Life at home is better with a deck. This outdoor structure allows you to be in nature without actually leaving the house. It also provides extra space when entertaining guests and boosts the real estate value of your property. Truly, a worthwhile addition to any place of residence. Like any other part of the house, your deck needs to be maintained. This means replacing rotting wooden beams and doing other repairs to keep the foundation intact and of course, changing the deck finish.
Benefits of a Finished Deck
Having a waterproof deck coating contributes to your deck’s longevity. It helps keep this part of your home looking like new. It also prevents water damage. Furthermore, a protective coating ensures that you, your family, and guests are safe while on the deck. No one gets nasty splinters or ends up slipping on the stairs.
Types of Deck Finishes
When considering what type of finish to use on your own deck, you’ll want to look at a host of different factors. First off, you’ll have to consider the existing finish your deck has.
Then you’ll have to assess its current state. Does your deck require extensive cleaning and repairs before a new finish can be added? Finally, you’ll want to check the type of the year when you intend to apply that new finish.
Once you’ve settled on all that, then it’s time to decide on the deck finish. You can either go for an oil-based or water-based finish. Each type is described in detail below.
Oil-based deck finish
An oil-based deck finish is easy to apply because it has a slow drying time. It penetrates the wood without forming a protective film and it also doesn’t crack or peel. It also has wide temperature parameters, which means you can apply it earlier or later in the season.
Pros: Easy application, doesn’t crack or peel, refinishing can be done small sections at a time
Cons: Takes longer to dry, needs to be cleaned regularly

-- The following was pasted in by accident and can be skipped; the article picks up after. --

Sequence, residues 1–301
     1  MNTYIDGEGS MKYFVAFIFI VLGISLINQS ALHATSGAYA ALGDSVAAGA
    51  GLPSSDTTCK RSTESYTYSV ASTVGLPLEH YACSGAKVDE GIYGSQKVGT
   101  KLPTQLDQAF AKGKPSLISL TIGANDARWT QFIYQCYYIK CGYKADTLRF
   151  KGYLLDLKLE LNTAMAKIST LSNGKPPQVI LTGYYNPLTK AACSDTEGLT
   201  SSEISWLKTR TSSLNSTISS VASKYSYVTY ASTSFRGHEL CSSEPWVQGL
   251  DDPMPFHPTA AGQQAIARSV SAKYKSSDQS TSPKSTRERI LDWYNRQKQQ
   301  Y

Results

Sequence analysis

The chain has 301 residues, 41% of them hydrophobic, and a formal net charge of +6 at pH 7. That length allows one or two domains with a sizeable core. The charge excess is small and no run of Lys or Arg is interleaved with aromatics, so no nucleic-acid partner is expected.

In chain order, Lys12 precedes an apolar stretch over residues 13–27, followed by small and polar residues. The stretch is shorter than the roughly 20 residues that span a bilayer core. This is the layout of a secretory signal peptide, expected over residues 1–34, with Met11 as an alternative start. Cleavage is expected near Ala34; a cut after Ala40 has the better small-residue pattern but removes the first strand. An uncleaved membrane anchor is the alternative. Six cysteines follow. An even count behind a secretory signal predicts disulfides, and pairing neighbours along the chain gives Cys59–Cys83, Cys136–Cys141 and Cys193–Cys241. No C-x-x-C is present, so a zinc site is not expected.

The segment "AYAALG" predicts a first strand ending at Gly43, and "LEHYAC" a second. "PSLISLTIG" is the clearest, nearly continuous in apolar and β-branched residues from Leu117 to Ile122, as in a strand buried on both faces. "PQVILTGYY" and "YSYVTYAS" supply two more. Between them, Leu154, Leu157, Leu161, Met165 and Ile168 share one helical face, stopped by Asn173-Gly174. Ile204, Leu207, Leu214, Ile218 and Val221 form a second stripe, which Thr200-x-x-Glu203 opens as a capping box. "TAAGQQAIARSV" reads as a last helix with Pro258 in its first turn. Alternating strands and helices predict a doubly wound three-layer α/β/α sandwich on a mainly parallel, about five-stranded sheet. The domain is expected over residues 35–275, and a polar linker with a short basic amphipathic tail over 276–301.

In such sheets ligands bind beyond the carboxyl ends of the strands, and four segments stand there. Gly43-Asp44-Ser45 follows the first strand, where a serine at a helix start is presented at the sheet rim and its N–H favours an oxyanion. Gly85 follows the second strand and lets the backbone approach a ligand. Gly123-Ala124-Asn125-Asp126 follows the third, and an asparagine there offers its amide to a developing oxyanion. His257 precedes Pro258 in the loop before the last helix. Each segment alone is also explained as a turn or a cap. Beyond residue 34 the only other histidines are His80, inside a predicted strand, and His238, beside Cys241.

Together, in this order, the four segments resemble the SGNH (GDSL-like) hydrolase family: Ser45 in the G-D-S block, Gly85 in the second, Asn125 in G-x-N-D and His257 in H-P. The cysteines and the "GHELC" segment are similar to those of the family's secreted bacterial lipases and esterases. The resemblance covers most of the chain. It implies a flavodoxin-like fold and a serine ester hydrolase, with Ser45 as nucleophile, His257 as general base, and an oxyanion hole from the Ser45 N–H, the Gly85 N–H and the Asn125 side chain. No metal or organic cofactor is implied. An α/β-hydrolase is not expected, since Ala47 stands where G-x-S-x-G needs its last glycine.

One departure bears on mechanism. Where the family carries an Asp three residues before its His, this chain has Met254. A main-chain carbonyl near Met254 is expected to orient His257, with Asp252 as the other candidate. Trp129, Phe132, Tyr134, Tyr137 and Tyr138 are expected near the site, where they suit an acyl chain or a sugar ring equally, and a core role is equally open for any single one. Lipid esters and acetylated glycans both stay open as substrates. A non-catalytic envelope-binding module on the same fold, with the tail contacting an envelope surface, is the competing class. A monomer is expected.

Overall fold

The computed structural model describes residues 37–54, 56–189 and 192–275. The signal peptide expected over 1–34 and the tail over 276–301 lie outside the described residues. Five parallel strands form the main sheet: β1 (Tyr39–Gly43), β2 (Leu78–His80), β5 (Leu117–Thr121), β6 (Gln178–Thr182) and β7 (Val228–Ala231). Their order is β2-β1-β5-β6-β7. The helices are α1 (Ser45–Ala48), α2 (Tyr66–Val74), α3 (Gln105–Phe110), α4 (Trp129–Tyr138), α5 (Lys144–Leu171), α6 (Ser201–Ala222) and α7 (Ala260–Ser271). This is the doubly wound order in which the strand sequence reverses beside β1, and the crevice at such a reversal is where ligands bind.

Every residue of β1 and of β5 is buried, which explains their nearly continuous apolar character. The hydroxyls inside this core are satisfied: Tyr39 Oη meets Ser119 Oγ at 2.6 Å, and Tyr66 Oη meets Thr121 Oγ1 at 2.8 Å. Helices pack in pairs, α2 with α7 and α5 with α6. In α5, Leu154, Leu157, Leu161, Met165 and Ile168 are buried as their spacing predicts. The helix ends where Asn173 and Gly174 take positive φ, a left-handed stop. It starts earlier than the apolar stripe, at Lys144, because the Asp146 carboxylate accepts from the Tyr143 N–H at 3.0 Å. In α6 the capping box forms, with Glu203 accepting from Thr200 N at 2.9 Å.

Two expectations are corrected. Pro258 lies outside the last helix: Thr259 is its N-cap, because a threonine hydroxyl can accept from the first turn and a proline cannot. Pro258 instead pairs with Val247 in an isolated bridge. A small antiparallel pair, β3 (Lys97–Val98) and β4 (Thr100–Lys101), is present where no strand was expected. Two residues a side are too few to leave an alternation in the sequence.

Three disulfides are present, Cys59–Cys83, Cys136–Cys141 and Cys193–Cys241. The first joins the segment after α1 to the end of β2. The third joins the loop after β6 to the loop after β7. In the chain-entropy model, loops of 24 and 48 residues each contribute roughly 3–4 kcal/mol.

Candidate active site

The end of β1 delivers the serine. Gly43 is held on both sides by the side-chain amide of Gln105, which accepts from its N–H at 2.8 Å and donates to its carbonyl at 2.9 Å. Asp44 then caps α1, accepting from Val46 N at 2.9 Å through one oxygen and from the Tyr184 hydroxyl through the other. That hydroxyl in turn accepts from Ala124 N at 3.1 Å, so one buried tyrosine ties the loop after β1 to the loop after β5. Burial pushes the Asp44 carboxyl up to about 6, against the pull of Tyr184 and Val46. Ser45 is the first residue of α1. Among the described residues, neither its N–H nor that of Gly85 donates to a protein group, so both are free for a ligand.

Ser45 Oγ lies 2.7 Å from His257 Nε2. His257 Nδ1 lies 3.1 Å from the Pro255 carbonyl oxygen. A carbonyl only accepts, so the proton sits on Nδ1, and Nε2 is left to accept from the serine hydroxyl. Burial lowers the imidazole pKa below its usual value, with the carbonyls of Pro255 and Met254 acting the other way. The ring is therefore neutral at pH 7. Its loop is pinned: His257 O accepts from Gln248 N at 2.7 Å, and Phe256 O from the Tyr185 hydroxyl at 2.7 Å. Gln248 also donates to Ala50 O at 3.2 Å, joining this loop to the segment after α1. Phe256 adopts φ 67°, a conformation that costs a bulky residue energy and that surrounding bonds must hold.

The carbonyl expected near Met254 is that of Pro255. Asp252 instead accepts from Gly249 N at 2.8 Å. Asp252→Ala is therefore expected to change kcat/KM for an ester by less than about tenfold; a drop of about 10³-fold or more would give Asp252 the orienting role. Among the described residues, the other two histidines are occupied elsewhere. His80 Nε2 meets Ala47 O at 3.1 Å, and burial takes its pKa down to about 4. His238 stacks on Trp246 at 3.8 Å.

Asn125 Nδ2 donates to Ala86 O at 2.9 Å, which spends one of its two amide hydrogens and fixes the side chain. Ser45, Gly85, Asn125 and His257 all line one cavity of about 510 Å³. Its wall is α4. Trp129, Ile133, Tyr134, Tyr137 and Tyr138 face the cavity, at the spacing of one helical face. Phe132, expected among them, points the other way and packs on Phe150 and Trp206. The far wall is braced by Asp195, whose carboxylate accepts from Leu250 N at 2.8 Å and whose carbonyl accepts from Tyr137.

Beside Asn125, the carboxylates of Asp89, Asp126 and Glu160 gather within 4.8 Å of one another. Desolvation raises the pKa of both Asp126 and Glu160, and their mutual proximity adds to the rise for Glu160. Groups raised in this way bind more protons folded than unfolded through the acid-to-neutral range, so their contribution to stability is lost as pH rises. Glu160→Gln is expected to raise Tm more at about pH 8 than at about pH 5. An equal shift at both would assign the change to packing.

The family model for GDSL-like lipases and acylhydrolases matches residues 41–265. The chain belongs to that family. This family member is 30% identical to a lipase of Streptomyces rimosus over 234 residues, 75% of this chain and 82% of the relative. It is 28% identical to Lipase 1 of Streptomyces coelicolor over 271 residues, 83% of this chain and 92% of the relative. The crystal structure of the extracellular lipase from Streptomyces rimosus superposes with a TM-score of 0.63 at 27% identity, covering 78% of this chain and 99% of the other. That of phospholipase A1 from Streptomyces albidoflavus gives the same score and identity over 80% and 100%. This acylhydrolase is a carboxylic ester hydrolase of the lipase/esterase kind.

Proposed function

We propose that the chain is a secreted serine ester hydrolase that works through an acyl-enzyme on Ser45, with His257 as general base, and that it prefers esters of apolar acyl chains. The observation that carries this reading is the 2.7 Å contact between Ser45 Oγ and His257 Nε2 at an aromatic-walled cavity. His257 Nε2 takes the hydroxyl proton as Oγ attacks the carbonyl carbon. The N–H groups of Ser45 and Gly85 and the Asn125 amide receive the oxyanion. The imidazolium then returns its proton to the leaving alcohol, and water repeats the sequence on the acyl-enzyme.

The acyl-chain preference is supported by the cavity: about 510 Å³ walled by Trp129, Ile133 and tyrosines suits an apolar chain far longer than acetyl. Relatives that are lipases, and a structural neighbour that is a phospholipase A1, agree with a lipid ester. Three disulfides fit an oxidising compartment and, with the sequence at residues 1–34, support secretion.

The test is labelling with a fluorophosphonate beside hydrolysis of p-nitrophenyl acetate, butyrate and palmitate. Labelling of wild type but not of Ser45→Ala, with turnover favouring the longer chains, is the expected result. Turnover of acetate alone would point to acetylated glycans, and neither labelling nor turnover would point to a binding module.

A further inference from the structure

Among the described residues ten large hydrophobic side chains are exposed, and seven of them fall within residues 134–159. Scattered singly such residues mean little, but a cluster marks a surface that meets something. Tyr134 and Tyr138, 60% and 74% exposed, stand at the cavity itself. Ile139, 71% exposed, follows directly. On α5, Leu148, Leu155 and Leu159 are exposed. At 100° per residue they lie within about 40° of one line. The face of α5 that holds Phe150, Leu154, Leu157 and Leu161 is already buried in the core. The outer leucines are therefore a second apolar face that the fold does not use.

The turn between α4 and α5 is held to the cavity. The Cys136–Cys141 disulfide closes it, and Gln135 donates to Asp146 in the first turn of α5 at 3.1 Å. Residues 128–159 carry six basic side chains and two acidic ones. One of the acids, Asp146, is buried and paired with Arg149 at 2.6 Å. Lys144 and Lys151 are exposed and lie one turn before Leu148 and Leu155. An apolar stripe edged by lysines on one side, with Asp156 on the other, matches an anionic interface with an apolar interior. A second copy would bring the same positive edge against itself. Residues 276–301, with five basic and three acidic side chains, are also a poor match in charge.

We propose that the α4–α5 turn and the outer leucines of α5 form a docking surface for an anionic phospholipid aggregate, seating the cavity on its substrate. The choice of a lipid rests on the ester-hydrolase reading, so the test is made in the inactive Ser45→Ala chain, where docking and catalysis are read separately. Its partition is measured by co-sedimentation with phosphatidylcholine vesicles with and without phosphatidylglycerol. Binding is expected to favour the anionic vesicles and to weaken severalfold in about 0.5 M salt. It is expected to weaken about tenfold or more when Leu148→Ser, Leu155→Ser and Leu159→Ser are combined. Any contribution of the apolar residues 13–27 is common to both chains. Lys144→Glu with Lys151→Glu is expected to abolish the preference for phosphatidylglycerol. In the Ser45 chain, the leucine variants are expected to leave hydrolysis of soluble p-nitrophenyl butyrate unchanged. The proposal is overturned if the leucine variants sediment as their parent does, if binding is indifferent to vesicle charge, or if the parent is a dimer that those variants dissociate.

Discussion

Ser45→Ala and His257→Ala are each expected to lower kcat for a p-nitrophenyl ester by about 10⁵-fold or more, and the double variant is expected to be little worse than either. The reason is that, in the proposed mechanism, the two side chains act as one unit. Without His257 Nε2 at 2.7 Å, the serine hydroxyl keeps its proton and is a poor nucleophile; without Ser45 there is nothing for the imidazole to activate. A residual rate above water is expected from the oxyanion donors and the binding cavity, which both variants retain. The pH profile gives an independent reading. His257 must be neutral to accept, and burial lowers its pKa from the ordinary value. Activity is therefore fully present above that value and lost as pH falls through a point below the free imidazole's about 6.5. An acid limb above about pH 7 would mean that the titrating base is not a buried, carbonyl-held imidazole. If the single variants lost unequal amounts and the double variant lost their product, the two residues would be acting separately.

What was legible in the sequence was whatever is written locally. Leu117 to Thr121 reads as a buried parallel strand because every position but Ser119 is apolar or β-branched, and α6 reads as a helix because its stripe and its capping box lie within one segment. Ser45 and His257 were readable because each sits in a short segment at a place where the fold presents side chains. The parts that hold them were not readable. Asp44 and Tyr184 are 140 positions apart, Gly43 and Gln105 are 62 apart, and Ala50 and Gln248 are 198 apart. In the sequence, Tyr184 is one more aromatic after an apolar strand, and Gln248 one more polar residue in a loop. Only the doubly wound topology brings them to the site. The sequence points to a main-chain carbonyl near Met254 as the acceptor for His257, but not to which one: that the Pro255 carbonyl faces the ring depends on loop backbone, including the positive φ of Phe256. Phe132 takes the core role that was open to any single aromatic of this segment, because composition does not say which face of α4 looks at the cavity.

Water-based deck finish
The water-based variety dries fast and forms a protective film all-around your deck.
Pros: This particular finish provides a waterproof deck coating that makes it resistant to wear and tear.
Cons: The water-based finish is likely to crack and peel over time. It also needs to be completely removed before refinishing.
Don’t Have a Deck Finish?
Well going down this route is only practical if you have a brand-new deck or are in the process of building one. People who don’t use deck finishes often want to keep the integrity of the wood and prefer that it ages and weathers naturally.
That being said, your deck should still be sturdy enough to stand the ravages of time. So make sure to use pressure-resistant lumber or a rot-resistant species like cedar and redwood.
It might take you a while to source the right kind of wood, but there’s a payoff at the end. There will be no refinishing or accompanying prep work required. The boards will weather to a silver/gray patina which will make it look more rustic.
WICR Waterproofing & Decking is Southern California’s premier waterproofing and decking specialist covering Los Angeles, Orange County, San Diego, Riverside, and San Bernardino counties. We are trained by all the major manufacturers of waterproofing systems so that we can install or repair any waterproofing project. Please visit us at www.WICRWaterproofing.com